Roy Hill understands the value of having maximum access to the data needed to execute intelligent decisions. According to Roy Hill, the company uses the digital twin, machine learning, and augmented reality technologies to lower the barriers between workers and value-added work.  

Newton described it this way: "IIoT technology gives you opportunities to look at different processes or different departments operating in silos and find ways for them to collaborate to create more efficiency and value. In some cases, it's not just about what's happening inside the business, it's also about what's happening in real time with the market. So, in the case of Roy Hill, we've helped digitize their entire value chain right from where they're pulling iron ore out of the ground, to shipping it at the port, to looking at what the market demand is, and really tie that whole digital value loop together. They can adjust operations in real time to drive their business to generate a better return on our investment, and improve profitability as much as possible, all based on real-time data that they're getting from the market. It's really interesting to see what advances have already been made possible." 

Application 4: Artificial Intelligence 

Yes, this A.I. stock photo is pretty rediculous
Yes, this A.I. stock photo is pretty ridiculous
It's impossible to have a conversation about Internet of Things without bringing up machine learning and AI. All the experts I spoke to for this article agreed that AI will play an important role in the IIoT tools of the future. However, there are some misconceptions about AI today. To learn more, I spoke with Dr. Richard Soley, Executive Director of the Industrial Internet Consortium (IIC). Dr. Soley has experience developing neural network systems, which are now commonly known as machine learning systems. In other words, he knows the state of the AI and machine learning field inside and out.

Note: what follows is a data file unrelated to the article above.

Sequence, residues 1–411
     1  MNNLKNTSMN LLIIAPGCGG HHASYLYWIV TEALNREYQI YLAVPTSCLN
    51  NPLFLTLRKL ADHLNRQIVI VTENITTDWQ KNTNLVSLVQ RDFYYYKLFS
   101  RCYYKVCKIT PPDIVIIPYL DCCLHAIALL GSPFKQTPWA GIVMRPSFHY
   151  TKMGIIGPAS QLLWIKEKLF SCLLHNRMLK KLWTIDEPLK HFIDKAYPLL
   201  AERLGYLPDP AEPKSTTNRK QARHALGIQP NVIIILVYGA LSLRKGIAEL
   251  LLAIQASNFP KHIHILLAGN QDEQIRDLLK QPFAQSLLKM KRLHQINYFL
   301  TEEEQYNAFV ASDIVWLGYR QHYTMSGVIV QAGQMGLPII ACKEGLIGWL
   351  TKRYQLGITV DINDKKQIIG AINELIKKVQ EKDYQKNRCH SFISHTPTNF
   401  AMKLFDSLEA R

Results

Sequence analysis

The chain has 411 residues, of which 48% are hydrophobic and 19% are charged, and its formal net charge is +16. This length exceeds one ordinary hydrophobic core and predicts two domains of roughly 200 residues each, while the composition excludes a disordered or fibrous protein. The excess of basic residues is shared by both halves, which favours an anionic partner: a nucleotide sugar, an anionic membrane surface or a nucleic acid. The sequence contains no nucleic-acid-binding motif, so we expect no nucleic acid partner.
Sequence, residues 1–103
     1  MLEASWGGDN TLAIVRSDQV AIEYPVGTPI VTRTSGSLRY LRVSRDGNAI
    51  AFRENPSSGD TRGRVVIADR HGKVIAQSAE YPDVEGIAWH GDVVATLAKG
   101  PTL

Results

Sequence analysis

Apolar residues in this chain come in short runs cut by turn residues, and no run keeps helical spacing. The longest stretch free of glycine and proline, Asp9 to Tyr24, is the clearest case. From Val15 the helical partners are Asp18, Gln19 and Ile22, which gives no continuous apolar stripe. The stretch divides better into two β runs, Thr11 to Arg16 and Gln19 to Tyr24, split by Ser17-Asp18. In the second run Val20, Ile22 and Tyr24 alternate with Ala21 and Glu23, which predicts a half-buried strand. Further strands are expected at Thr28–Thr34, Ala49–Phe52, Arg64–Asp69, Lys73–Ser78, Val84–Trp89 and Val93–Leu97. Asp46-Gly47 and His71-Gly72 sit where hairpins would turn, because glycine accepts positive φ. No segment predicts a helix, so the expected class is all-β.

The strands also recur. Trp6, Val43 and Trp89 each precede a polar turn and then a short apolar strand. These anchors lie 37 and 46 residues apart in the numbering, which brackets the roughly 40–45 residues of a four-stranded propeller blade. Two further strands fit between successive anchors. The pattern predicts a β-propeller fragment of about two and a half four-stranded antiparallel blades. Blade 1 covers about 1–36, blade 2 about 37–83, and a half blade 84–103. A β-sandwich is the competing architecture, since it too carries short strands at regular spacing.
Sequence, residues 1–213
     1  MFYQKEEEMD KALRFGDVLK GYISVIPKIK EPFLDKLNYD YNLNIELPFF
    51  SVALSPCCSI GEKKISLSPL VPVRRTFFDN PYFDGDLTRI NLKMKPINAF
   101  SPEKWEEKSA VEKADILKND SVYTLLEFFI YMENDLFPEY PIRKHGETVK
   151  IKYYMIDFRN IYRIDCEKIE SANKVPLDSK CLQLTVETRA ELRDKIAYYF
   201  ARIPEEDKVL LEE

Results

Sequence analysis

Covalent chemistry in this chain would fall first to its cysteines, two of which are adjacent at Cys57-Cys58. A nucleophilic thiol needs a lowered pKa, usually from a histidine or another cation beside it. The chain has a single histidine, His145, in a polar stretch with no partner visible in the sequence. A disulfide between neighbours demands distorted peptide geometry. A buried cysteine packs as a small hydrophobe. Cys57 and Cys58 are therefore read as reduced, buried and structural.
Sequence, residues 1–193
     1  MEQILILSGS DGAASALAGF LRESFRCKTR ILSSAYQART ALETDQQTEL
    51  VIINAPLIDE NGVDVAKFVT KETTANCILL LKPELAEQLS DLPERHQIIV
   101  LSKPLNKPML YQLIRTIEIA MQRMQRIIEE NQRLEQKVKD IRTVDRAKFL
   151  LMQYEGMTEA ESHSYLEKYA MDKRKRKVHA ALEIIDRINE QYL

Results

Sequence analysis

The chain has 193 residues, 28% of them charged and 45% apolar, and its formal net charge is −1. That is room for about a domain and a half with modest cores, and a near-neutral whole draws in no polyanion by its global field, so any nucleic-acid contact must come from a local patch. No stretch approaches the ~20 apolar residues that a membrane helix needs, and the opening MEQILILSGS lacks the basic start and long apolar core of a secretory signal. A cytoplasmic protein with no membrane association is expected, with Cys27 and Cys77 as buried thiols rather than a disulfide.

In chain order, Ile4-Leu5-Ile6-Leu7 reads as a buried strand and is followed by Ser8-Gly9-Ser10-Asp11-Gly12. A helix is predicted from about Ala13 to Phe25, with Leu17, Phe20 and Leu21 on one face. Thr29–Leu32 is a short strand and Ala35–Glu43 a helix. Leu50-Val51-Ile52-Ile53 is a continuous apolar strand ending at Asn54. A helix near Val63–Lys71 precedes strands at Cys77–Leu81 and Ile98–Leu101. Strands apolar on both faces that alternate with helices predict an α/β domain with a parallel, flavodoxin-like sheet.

The terms artificial intelligence and machine learning are often conflated. However, there is a critical difference. "Machine learning cannot tell you why it did what it did. Machine learning systems gulp in data and statistically correlate results to inputs," explained Soley. "AI systems can tell you why they did what they did, and what rules were followed. Machine learning systems, all you can do is feed in more data and try to correct it."  

Machine learning systems are commonly used to deal with the massive volumes of high-frequency data involved in asset monitoring. However, this 'black box' issue Soley describes above, where you can't see how or why a machine learning algorithm arrived at a result, can pose a problem when things go wrong.  

However, that's not to say that machine learning is simplistic or not useful. "The algorithms and heuristics have not changed much over the past 35 years, but the computers are a million times cheaper and faster," said Soley. "It's tremendously useful. It can recognize shapes or faces, for example. But when based on corrupt data, it can spit out bad results."  

This can be a problem in systems which intake human operator input as well as sensor input. If operators aren’t committed or able to input accurate data, the whole system can be thrown off course. Garbage in, Garbage out.  

Dr. Soley emphasizes that well-trained personnel are essential in IIoT applications, and indeed that a lack of skilled personnel is a major factor holding industry back from taking full advantage of IIoT solutions. 

"If you don't understand what the data is, no machine learning system is going to fix it for you. You need trained personnel to interpret the input data, as well as the results, to get good use out of machine learning systems," He advised. 

More Bleeding-Edge New IIoT Applications 

The Industrial Internet Consortium and its members are dedicated to developing new uses of IIoT technology. The testbeds are a major focus and activity of the IIC, and they can be viewed at this page.  

Application 5: Full Digital Transformation 

There are a few buzzwords circulating around the topic of Industrial IoT: 'Connected Factory', 'Industry 4.0' are two popular ones. Digital transformation is another, and its precise meaning can be confusing. To shed light on the true meaning of digital transformation, I spoke with Stephan Ihmels of Siemens Mindsphere.   

The company describes Mindsphere as 'a cloud-based, open IoT operating system.' Ihmels said it this way: "[Applications built on Mindsphere] can be as simple as integrating a PLC that has a connectivity device integrated, or a drive that has a connectivity device integrated, with an app which helps the Siemens customer to understand the condition of the drive. But it also extends to the digital grid business, the mobility business, where entire new business models emerge to support the products that are being built." 

Digital transformation is more than going paperless or replacing a clipboard with an iPad. Digital Transformation refers to the revamping of a business model to incorporate new digital technologies. In the competitive world of manufacturing, it's adapt or die. It's not enough to bring in digital technology as an add-on to your business as usual. Like Roy Hill Mining, true adoption of IIoT solutions could mean new organizational changes, new personnel, new culture, and even new processes.